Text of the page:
12 Feb 2010

Lindsey German asks what next?

What next? I intend to remain politically active in the movement and as a socialist. It is a critical time for the left, which in my view (and in the view of many other people across the left spectrum) has failed to rise to the challenges posed by the worst economic crisis since the 1930s. The left enters this election weak and divided. The lengthy downturn in class struggle and 13 years of new Labour has taken its toll. The danger for the left is that it becomes a reenactment society. Too much time is spent in nostalgia for the 70s rather than relating to the working class as it actually is, and the concerns that people have.

There are real questions about why the left has been unable to relate to mass movements like the anti war movement without it causing a crisis. There are also questions why at the first setback it retreats to a comfort zone which often cuts it off from the wider movement.

I am very proud of what socialists have achieved in the movements, and especially in STW which is still centrally important politically. I am also proud to be a socialist and have always thought that socialists have to organise and be part of a wider movement. How we do that in the 21st century is an urgent question for us all, if we are not to face the threat of barbarism.

I hope to be part of contributing to some answers on that question. I am sorry that this will no longer be done as part of the SWP. I am still committed to the ideas that I learnt from so many comrades, especially Tony Cliff with whom I worked closely for many years. I hope that I will continue to work with SWP comrades in the wider movements and that many of our differences will be resolved in practice. I hope too that we can work together in a comradely way in order to achieve the goals that we all share.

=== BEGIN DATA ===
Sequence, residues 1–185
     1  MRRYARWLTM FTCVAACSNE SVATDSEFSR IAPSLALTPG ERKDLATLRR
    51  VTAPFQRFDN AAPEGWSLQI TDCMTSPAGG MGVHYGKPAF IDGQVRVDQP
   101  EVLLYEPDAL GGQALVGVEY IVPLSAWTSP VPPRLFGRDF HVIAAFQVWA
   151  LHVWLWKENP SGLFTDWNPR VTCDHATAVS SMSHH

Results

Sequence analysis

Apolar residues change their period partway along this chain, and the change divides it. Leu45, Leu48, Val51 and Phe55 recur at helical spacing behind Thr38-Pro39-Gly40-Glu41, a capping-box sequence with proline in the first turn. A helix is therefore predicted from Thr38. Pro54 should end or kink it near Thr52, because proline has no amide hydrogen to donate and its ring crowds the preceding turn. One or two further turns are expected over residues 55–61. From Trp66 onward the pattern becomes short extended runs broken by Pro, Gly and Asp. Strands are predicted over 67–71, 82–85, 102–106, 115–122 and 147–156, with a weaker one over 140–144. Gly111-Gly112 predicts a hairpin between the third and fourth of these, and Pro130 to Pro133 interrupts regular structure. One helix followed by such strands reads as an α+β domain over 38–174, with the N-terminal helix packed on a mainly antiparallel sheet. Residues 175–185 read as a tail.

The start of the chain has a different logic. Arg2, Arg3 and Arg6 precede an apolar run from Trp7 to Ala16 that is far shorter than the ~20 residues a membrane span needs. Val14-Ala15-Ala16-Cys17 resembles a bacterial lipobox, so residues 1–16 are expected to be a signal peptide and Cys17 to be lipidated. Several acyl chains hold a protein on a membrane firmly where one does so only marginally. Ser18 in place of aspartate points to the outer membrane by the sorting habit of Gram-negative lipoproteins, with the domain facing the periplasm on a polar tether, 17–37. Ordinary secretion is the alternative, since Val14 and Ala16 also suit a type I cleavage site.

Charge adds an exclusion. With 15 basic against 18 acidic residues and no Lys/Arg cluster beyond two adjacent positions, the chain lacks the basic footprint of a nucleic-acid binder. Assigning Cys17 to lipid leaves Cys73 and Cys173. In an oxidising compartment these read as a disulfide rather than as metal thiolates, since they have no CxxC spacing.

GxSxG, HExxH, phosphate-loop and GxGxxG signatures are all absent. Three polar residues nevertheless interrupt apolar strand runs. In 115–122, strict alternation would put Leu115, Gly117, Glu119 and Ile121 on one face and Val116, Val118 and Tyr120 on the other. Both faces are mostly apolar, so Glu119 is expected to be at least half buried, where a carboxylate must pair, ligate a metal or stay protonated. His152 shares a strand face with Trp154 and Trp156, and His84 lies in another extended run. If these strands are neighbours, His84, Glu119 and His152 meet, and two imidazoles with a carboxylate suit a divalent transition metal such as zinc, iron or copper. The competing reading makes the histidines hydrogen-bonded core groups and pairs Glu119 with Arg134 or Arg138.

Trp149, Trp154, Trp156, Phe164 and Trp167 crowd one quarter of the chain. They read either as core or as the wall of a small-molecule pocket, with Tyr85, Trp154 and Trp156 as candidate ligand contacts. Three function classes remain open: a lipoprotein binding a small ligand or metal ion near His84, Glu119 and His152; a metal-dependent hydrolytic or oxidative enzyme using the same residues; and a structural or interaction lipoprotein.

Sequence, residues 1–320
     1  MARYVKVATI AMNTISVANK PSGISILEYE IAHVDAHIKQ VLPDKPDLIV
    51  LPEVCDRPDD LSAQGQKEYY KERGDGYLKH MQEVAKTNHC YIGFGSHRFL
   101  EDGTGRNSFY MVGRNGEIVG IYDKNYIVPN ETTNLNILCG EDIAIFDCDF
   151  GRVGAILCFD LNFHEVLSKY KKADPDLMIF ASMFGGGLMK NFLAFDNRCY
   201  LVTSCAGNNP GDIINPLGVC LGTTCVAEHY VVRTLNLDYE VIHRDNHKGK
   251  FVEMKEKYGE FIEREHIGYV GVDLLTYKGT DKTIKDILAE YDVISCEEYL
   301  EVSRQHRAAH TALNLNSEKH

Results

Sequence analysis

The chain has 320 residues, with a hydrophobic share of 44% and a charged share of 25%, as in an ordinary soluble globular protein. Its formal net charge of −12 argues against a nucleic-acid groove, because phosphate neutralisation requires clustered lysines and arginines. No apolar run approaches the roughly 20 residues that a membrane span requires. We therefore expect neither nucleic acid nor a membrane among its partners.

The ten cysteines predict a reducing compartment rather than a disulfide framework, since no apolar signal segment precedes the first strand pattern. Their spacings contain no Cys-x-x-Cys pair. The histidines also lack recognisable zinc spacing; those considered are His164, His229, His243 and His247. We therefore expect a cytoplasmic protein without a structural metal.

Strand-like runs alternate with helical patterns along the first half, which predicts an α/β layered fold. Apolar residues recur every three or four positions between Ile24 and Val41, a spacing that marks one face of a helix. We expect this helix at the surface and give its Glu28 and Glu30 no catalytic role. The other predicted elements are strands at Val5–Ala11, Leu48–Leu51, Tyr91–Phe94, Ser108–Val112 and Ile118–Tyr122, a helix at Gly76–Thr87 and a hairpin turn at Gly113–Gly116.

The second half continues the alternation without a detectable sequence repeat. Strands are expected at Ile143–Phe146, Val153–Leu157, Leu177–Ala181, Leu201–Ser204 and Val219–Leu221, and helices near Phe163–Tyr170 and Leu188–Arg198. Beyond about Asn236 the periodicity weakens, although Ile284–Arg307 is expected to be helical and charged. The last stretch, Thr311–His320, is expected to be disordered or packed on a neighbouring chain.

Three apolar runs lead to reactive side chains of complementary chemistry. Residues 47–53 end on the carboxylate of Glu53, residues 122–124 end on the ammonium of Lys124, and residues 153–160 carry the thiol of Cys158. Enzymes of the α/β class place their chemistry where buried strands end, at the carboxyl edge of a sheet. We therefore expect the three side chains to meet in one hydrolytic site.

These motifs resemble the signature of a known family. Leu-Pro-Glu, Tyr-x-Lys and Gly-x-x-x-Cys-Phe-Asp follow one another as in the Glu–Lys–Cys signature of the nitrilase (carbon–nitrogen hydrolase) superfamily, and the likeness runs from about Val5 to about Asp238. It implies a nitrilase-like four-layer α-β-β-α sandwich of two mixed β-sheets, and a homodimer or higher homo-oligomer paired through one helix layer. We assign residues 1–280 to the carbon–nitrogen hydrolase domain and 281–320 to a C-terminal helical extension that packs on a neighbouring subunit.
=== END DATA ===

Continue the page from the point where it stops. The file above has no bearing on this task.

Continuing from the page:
Lindsey German

From

6 comments:

Everyones Favourite Comrade said...

i think some self reflection on the role Lindsay German herself has played over the years, there are many i could use but as she mentions STW herself then i think it is worth mentioning the role played by her in helping to hand over platforms to the lib dems rather than to those who could explain to working class people what the war will mean for them

weggis said...

What's next?
Might I suggest that Ms German tries ditching the language of the left [as per the above post] as well as the SWP and articulates her views in a way that the people she wishes to connect with actually understand and respond to?

luna17 said...

Yes, Everyone's Favourite Comrade, she must never be forgiven for allowing a Lib Dem to speak in Hyde Park on 15 February 2003. This treachery to the class must not go unpunished. (It really is strange, the nonsense that people dredge up to take a pop at someone isn't it?).

weggis
It's worth remembering that her primary audience is members of the SWP, so this is no surprise. Your point, though, is a useful reminder of something all of us political activists need to keep in mind (but I can't really see many examples of what you're criticising in Lindsey's letter).

Clare Solomon said...

weggis: I totally agree with you that some of the oldfashioned language needs to be ditched but in this example i agree with Luna, it isnt all that bad, is it? which bit do you mean?

Both my son and my Mum love listening to Lindsey speaking and i would hardly call them die-hard-lefties. Anyway, maybe it is just us having been invoolved in SWP politics too long to be able to see the problems?!

Anonymous said...

Why should I care?

Everyones Favourite Comrade said...

the point is asindsay german as a socialist wants to advancethingsin that direction why on earth would you hand over the platform to ali dem, a party that wasn't against the war really they wereall for it if the UN was they also support the war in afganistan.
Surely it would e in her interest to have promoted speakers who could of presented the warfor what it was a warfor money, therearecountless other examples ofthese mistakes, i say this not to attack her, how can you move forward without looking back atyour mistakes andlearning from them